Taking walks, and candlelight yoga in the evenings help me relax. So does wine. And knitting absolutely helps me relax – even baby clothes.

I knit baby clothes on a regular basis. At one time I was selling baby stuff at the local farmer’s market to help raise money for my newly widowed sister and her 6mo daughter, plus there were all those pg friends to knit for as well. I like knitting baby clothes b/c they’re really quick knits and don’t take as much yarn. I don’t even use patterns anymore, usually; I make up my own designs. I often lurk at this baby-knit blog just to get ideas. As you can readily imagine, knitting baby clothes when you’re infertile can also be akin to raking your own flesh with a garden fork and then pouring a mixture of salted lemon juice and vinegar into the wounds.

But this is my talisman against the gingerbread cottage. This is what I do to keep from becoming that bitter, bitter person who cackles in the forest. This is how I try to turn and face into the light. I finished this today:


August 30, 2007

I wrote this post earlier today and didn’t post it. Until now I guess I thought that the self I present to the world through this blog is pretty true to who I am “in real life” (this assessment made in response to a question on Niobe’s blog some time ago), but I realized as I hesitated over the “publish post” button that … this really is a social space. It may be my metaphorical living room (and sometimes, sadly, bedroom and bathroom) but if it is, it’s in a glass house, and I don’t really wander around naked. The fact that I know others are reading and commenting shapes how I present myself here (and Thank you, Thank you all for your comments – you have NO IDEA how much less alone it makes me feel. I take that back – you know EXACTLY what I’m talking about. So Thank you).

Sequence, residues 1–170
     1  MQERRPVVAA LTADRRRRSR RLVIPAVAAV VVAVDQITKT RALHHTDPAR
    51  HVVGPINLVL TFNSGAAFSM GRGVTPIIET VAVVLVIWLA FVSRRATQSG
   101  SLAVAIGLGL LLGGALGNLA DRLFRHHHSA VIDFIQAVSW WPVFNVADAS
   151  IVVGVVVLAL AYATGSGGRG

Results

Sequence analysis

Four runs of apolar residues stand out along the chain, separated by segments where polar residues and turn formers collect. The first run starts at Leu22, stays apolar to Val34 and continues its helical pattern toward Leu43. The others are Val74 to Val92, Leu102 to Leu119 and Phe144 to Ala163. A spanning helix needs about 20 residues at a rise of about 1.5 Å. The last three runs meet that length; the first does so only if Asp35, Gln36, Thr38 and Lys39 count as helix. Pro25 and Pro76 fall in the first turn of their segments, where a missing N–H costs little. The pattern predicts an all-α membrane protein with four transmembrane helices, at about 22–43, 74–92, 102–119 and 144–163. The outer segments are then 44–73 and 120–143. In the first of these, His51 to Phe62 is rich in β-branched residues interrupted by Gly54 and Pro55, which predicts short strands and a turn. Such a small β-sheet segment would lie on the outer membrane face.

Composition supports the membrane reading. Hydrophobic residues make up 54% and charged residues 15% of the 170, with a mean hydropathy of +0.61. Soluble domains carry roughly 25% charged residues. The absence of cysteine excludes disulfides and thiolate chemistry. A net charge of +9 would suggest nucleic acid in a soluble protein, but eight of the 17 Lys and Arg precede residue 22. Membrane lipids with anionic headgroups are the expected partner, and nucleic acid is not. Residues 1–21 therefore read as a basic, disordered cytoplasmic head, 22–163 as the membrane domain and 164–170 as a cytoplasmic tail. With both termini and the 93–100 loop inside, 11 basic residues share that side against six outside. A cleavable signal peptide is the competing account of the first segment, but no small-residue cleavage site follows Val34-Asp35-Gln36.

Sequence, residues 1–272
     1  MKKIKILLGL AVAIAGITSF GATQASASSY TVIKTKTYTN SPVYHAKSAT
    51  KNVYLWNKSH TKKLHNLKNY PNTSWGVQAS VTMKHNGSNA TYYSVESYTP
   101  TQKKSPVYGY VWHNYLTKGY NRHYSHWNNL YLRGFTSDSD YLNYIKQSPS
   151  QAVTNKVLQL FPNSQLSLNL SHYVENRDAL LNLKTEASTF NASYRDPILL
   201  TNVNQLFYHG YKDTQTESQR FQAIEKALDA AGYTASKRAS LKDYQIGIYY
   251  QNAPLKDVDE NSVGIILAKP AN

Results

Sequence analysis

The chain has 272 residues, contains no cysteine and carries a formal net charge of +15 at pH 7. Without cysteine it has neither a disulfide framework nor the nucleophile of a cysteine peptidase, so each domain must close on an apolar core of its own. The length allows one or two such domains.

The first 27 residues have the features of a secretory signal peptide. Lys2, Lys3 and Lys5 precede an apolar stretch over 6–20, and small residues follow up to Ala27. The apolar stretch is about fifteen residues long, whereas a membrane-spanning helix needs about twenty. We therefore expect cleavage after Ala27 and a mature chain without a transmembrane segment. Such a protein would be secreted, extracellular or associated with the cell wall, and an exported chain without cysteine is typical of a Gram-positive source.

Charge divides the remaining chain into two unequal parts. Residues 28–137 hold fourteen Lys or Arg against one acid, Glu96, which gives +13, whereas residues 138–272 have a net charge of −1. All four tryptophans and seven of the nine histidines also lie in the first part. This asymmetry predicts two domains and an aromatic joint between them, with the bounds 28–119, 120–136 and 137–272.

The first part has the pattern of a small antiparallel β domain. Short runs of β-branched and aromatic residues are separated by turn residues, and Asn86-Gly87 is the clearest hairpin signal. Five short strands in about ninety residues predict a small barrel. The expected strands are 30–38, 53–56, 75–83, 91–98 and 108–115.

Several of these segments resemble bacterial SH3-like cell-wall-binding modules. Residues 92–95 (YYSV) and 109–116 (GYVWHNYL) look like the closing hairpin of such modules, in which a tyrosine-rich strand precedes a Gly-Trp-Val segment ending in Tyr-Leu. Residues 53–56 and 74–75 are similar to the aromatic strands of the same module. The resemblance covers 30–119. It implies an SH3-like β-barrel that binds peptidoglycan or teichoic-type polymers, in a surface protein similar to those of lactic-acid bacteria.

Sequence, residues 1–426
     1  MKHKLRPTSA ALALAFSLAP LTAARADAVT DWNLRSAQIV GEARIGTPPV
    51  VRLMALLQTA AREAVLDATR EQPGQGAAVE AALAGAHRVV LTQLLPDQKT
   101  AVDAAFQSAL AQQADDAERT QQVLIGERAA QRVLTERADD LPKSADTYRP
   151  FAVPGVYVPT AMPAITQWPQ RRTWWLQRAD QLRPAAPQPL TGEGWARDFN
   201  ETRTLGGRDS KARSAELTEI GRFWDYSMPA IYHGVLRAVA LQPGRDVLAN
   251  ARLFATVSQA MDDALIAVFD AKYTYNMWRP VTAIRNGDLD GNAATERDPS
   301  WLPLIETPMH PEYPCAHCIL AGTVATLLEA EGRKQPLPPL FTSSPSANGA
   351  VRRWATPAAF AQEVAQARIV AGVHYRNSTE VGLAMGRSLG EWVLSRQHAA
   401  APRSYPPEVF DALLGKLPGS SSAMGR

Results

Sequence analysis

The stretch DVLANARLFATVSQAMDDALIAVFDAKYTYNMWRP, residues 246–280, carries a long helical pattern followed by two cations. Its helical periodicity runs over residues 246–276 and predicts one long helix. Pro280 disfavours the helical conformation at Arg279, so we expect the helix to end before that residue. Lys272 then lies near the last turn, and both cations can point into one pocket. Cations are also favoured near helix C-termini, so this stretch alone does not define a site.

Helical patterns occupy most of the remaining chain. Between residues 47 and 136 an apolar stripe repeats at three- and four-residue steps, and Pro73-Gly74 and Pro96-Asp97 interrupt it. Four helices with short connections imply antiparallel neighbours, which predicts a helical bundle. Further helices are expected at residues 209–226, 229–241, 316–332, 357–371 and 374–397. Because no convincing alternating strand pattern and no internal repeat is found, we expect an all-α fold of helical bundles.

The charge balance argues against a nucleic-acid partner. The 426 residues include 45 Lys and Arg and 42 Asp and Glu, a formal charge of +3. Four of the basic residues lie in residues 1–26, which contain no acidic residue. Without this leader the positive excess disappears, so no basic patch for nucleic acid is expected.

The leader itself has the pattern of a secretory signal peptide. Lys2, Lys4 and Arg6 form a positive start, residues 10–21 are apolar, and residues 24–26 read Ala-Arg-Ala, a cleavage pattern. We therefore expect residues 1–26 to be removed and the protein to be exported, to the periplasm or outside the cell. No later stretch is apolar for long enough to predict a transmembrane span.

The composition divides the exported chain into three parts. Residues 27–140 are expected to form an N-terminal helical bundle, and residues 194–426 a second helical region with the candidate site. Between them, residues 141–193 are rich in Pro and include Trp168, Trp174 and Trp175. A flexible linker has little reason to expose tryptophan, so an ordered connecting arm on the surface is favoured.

So, in the interest of transparency – because so many bloggers comment on how much they appreciate hearing honest accounts of other people’s struggles – here’s what I wrote earlier today. It ain’t very pretty, but it’s unedited.

I’m getting in touch with my emotions here… I’m just really angry that we have to deal with this, all of us, all of this. I’m pissed. I just got of the phone with the clinic, it’s fine, we’re going to go for it, but I have to go in for a pelvic exam tomorrow morning and it’s pissing me off. As interventions go I know it’s still a long shot from the full-on IVF treatment but I’m just angry that (my) reproduction has to be medicalized AT ALL in this way. I think of that book that all my friends were reading when pg., I think it was called “giving birth the natural way” or something like that – anyway – it makes me feel a little violent. Being able even to think in those terms seems like such a luxury. Right now I resent everybody who got knocked up at home in bed and those who did the begetting with every fiber of my being.

This is just vitriol. It makes me feel ill. This doesn’t feel like me. But this is how I feel.

My nurse is very efficient, and I appreciate that, but somehow after talking with her I feel tremendously tense and wound-up. I feel like I’ve done something wrong and I have to go in for punishment. I feel like I’m inconveniencing her. I feel like a bad patient because my situation is unconventional (what with the commuting constraints and all) and that I’m an annoyance, that I ask for too much.